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<- Previous | Table of Contents | Next -> Digital Library - Digital Library-Jane Eyre by Charlotte Bronte


It was the 5 th of November, and a holiday. My little servant, after
helping me to clean my house, was gone, well satisfied with the fee
of a penny for her aid.

All about me was spotless and bright-scoured floor, polished
grate, and wellrubbed chairs. I had also made myself neat, and had
now the afternoon before me to spend as I would.

The translation of a few pages of German occupied an hour; then I
got my palette and pencils, and fell to the more soothing, because
easier occupation, of completing Rosamond Oliver’s miniature. The
head was finished already: there was but the background to tint
and the drapery to shade off; a touch of carmine, too, to add to the
ripe lips-a soft curl here and there to the tresses-a deeper tinge to
the shadow of the lash under the azured eyelid. I was absorbed in
the execution of these nice details, when, after one rapid tap, my
door unclosed, admitting St. John Rivers.

‘I am come to see how you are spending your holiday,’ he said.
‘Not, I hope, in thought? No, that is well: while you draw you will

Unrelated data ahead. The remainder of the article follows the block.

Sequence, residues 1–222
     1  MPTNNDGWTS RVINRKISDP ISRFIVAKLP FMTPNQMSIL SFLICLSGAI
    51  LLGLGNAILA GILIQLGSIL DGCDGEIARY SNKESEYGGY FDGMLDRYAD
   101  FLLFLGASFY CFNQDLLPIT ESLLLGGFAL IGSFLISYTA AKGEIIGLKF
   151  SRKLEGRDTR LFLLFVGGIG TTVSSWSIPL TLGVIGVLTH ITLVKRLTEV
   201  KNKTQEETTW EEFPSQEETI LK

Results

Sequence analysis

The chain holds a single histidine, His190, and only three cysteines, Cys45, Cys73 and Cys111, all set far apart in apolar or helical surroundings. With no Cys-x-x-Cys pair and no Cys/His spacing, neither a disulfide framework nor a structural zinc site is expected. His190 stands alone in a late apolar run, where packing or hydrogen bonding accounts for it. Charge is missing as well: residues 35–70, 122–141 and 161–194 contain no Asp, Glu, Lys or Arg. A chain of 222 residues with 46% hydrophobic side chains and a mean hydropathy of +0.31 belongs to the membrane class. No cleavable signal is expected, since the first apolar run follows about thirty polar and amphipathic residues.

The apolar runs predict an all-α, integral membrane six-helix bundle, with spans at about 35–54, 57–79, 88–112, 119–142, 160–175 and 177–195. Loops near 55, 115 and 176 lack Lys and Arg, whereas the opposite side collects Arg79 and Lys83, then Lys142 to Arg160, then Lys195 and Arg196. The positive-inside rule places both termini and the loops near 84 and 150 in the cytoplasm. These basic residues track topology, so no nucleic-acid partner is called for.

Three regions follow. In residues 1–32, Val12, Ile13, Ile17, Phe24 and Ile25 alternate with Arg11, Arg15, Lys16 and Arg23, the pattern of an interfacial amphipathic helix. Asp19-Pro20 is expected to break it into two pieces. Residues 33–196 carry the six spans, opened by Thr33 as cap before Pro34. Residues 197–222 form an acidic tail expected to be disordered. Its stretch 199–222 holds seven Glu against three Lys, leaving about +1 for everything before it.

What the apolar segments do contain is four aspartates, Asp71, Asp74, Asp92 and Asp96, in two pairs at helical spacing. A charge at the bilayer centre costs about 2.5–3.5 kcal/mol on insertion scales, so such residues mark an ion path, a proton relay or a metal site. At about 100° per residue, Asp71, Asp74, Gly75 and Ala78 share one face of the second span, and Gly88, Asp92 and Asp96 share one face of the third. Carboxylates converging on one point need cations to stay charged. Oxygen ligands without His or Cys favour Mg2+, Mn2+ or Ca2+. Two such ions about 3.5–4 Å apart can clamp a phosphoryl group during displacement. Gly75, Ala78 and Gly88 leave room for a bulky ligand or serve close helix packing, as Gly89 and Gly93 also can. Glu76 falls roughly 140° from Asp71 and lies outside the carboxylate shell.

not feel lonely. You see, I mistrust you still, though you have borne
up wonderfully so far. I have brought you a book for evening
solace,’ and he laid on the table a new publication-a poem: one of
those genuine productions so often vouchsafed to the fortunate
public of those days-the golden age of modern literature. Alas! the
readers of our era are less favoured. But courage! I will not pause
either to accuse or repine. I know poetry is not dead, nor genius
lost; nor has Mammon gained power over either, to bind or slay:
they will both assert their existence, their presence, their liberty
and strength again one day. Powerful angels, safe in heaven! they
smile when sordid souls triumph, and feeble ones weep over their
destruction. Poetry destroyed? Genius banished? No! Mediocrity,
no: do not let envy prompt you to the thought.

No; they not only live, but reign and redeem: and without their
divine influence spread everywhere, you would be in hell-the hell
of your own meanness.

While I was eagerly glancing at the bright pages of Marmion (for
Marmion it was), St. John stooped to examine my drawing. His tall
figure sprang erect again with a start: he said nothing. I looked up
at him: he shunned my eye. I knew his thoughts well, and could
read his heart plainly; at the moment I felt calmer and cooler than
he: I had then temporarily the advantage of him, and I conceived
an inclination to do him some good, if I could.

‘With all his firmness and self-control,’ thought I, ‘he tasks himself
too far: locks every feeling and pang within-expresses, confesses,
imparts nothing. I am sure it would benefit him to talk a little
about this sweet Rosamond, whom he thinks he ought not to
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